Select the two shapes edited in the previous step and make a copy in back (Command + C > Command + B). Select these two copies and lower their Opacity to 10%. Now, select the top copy and hit the up arrow 3 times, then select the bottom copy and hit the down arrow three times.


Step 34

Reselect the two shapes created in the previous step and go to Effect > Blur > Gaussian Blur. Enter a 5px radius and click OK. Select the four shapes created in the last threes steps and group them. Send this group to back (Shift + Command + Left Bracket key).


Step 35

Re-enable the Snap to Grid (View > Snap to Grid). Pick the Rectangle Tool (M) and create a 40px square. Fill it with R=196, G=154, B=108, and place it as shown below.


Step 36

Reselect the shape created in the previous step, add the second fill, and use the linear gradient shown below. Add a third fill for this path and make it black. Select it from the Appearance panel, lower its Opacity to 5%, and change the blending mode to Multiply, then go to Effect > Sketch > Graphic Pen. Enter the properties shown below and click OK.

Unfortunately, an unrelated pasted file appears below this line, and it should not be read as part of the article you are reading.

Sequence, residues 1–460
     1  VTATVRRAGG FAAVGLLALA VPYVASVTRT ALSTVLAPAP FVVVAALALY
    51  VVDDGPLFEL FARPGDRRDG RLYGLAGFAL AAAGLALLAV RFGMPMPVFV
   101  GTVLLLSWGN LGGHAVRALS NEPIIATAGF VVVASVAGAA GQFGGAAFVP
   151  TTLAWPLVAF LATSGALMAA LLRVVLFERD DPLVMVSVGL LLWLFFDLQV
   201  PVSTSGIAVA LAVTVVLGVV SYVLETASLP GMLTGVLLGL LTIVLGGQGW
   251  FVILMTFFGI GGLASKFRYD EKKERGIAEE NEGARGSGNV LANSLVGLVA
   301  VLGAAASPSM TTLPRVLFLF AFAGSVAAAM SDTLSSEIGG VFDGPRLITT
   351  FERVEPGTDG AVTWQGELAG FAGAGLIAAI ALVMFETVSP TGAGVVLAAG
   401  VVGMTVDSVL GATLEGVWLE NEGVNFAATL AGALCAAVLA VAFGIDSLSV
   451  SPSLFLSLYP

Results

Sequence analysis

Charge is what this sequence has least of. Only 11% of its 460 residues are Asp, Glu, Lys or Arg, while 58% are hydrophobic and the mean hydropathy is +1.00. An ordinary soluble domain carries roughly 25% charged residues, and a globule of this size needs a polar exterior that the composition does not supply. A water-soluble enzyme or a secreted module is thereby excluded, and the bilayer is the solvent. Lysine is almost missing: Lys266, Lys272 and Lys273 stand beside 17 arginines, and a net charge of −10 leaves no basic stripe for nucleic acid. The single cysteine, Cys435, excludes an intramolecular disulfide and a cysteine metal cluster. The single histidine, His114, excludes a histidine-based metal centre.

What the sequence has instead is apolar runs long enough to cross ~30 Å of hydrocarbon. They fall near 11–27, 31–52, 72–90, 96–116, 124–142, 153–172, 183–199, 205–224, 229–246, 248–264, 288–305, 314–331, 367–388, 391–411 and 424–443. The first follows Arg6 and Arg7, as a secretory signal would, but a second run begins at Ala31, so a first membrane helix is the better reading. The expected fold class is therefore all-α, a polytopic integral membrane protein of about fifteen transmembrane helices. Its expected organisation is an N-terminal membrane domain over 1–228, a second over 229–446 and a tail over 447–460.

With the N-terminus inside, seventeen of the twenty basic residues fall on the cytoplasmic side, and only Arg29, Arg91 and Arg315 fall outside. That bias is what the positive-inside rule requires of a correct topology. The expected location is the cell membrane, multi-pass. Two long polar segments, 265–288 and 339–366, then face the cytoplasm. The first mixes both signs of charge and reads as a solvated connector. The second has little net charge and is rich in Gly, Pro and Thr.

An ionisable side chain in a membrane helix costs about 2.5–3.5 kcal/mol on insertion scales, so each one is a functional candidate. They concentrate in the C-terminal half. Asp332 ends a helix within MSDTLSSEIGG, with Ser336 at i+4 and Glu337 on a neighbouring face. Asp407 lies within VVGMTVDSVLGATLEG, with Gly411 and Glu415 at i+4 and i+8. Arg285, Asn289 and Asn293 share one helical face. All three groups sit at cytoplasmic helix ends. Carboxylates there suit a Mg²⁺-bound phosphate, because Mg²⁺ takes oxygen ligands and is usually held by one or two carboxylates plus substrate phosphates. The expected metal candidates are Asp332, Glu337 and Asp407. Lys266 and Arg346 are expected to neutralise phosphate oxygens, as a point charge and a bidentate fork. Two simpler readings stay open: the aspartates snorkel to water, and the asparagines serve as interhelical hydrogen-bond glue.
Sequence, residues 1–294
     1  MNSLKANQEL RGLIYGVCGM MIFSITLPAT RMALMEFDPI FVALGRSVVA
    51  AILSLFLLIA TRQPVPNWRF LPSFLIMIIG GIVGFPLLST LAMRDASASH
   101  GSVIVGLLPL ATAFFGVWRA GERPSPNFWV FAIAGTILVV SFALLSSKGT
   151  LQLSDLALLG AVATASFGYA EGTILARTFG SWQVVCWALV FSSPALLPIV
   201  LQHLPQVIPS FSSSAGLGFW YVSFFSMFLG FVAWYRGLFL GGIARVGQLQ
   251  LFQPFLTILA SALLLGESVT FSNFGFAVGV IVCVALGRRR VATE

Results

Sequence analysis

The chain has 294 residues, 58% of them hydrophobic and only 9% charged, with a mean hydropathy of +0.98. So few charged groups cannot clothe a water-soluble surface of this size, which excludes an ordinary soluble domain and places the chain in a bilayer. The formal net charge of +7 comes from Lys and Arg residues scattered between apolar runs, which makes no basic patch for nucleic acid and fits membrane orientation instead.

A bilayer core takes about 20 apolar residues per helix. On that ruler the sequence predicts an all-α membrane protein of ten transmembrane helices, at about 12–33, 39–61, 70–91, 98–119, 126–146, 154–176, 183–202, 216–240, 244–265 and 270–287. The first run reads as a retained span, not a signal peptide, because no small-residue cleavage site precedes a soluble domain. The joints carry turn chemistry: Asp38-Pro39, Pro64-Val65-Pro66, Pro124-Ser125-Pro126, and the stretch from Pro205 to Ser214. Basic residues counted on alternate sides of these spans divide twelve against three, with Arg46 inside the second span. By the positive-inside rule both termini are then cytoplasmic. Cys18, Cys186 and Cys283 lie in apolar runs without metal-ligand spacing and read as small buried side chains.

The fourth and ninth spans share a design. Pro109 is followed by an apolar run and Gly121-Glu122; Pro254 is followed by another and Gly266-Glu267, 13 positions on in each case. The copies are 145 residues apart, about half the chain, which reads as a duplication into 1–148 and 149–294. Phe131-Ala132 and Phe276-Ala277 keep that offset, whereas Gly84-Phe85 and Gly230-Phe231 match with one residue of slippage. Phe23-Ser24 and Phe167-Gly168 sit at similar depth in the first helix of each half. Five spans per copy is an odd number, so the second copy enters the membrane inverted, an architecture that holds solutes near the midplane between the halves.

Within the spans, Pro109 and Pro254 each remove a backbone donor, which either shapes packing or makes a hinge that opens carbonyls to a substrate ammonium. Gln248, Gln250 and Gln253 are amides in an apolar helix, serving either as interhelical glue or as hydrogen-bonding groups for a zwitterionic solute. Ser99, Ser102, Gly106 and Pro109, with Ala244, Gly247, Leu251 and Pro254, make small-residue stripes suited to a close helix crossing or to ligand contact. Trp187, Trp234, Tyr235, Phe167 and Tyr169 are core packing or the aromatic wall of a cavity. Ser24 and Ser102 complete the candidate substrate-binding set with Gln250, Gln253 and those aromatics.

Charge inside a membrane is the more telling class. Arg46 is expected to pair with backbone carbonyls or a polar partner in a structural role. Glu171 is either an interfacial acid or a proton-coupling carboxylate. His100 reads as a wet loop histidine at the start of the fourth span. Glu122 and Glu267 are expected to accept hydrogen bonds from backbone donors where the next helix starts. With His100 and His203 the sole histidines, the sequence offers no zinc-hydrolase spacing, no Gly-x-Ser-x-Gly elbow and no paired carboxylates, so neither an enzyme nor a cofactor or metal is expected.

Step 37

Reselect the shape edited in the previous step and add a 2pt stroke. Align it to inside and set its color to R=225, G=204, B=162. Add a second stroke for this path, make it 1pt wide, align it to inside, and set the color to R=139, G=94, B=60.


Step 38

Reselect the shape edited in the last steps and go to the Appearance panel. Select the bottom fill (R=196, G=154, B=108) and go to Effect > Stylize > Drop Shadow. Enter the data shown below and click OK.


Step 39

Reselect the path edited in the last steps and make sure that no fill or stroke is selected. First, go to Effect > Stylize > Inner Glow. Enter the data shown below, click OK and go to Effect > Stylize > Outer Glow. Again, enter the data shown below and click OK.

Finally, go to Effect > Stylize > Rounded Corners. Enter a 3px radius and click OK. Go to the Appearance panel and make sure that the Rounded Corners is placed in the top of the Appearance panel. You can easily drag if you need to. In the end your shape should look like in the following image.


Step 40

For the following step you will need a grid every 1px. Go to Edit > Preferences > Guides > Grid and enter 1 in the Gridline every box. Pick the Ellipse Tool (L), create a 5px circle, and place it as shown in the following image. Fill it it with R=147, G=149, B=152, then add a second fill.